Kaitaia woman Lois Strong is providing Hospice patients with an invaluable gift - a book on their life.
She has written nearly 10 books so far, recording stories, detailing life events, and compiling photos into a book which is given for free.
"Every person has a story," Strong says. "I try to keep the written record just the same as I hear it, so when their family reads the story they can hear their loved one."
Typing up a Hokianga man's manuscript in the 70s prompted Strong to give her parents Pat and Ivan a tape recorder to share their stories.
"To them it was just life but to us kids it was our history," Strong says. "I can remember Dad's face when he saw it, he cried lots reading it."
When her mother was unwell, Hospice supported the family and in 2011 Strong began volunteering.
A school friend suggested training for Life Review writers and from there Strong's work began. A brochure outlining the service is given to new families who receive support.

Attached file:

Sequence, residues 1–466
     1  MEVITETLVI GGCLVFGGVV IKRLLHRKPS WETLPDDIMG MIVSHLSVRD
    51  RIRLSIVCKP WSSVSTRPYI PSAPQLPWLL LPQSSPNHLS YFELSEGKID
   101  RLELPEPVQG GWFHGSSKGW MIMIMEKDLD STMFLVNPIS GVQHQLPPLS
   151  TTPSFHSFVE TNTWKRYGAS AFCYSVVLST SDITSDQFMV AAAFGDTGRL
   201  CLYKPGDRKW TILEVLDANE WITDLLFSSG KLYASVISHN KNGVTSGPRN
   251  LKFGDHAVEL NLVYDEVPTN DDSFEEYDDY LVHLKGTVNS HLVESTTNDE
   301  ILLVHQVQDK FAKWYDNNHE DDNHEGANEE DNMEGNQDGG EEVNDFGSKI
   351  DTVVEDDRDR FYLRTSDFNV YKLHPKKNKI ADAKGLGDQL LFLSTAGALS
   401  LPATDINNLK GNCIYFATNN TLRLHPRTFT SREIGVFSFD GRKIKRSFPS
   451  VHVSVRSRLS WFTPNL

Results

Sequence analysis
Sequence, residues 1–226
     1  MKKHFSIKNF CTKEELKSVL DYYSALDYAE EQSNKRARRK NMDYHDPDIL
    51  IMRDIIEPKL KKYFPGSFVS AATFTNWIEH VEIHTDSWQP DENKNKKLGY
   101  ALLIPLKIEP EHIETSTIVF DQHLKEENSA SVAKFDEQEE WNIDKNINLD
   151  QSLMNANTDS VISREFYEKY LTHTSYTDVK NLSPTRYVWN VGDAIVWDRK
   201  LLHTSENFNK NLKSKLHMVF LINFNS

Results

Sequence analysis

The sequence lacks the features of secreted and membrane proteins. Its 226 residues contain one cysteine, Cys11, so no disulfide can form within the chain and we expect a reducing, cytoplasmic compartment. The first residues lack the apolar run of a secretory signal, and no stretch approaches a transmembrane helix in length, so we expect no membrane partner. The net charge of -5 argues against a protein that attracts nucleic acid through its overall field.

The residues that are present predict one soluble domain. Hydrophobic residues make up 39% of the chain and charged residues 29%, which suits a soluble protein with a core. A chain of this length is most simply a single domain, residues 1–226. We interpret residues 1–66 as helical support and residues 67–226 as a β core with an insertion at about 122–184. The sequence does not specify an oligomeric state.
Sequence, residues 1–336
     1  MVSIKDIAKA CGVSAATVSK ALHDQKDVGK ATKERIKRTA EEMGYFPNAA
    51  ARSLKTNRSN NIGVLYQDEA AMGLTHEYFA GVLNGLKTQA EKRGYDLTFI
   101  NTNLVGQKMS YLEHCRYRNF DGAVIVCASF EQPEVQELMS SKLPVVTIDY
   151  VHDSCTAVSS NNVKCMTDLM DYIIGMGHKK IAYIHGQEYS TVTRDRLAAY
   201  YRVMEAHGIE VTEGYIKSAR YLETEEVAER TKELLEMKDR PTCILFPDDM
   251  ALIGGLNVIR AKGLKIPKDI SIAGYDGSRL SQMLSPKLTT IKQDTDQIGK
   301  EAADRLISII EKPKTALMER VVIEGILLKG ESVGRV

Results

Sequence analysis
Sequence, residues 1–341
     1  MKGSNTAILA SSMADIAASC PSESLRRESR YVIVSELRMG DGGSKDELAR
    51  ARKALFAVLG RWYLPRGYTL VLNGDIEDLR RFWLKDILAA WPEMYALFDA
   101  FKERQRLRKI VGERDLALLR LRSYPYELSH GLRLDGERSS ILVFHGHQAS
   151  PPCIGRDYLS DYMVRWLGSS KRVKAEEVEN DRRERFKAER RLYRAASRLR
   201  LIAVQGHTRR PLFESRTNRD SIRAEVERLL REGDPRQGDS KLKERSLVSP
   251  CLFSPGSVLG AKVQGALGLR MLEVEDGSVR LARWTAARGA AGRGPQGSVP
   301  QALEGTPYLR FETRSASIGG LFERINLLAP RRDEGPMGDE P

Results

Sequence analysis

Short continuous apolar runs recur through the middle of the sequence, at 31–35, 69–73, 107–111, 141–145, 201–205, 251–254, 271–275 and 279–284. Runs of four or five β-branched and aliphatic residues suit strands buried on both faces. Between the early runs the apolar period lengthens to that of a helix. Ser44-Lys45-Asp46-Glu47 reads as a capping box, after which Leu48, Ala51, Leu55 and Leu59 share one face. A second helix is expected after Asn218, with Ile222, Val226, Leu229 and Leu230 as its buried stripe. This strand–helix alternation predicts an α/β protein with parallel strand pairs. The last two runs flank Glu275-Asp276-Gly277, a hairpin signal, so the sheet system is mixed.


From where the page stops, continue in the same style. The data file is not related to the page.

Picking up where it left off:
Strong sits with the person for around two hours at a time while the final book usually takes several months to complete.
"I love it; I've been retired since 2005 and now I wouldn't have time to go to work. I know families really appreciate what I do but I know I get just as much personal satisfaction in being able to do this for them," Strong says.
Strong has developed a timeline that helps to jog people's memories.
"I start them off with when and where they were born, who their parents were, then they just go from there."
Strong encourages every family to make sure their older generation's stories are recorded.
"Even if you record them and type them up later, at least have the stories.
"You be the one who says, 'Come on, Grandad tell me a story, I'm ready to listen', not the one who says I wish I had written Granddad's stories down.
"There is no time like the present. Time has a way of beating us to the end."
Written by Bayley Moor. Republished with permission of Stuff.co.nz. Image credit: Bayley Moor/Stuff.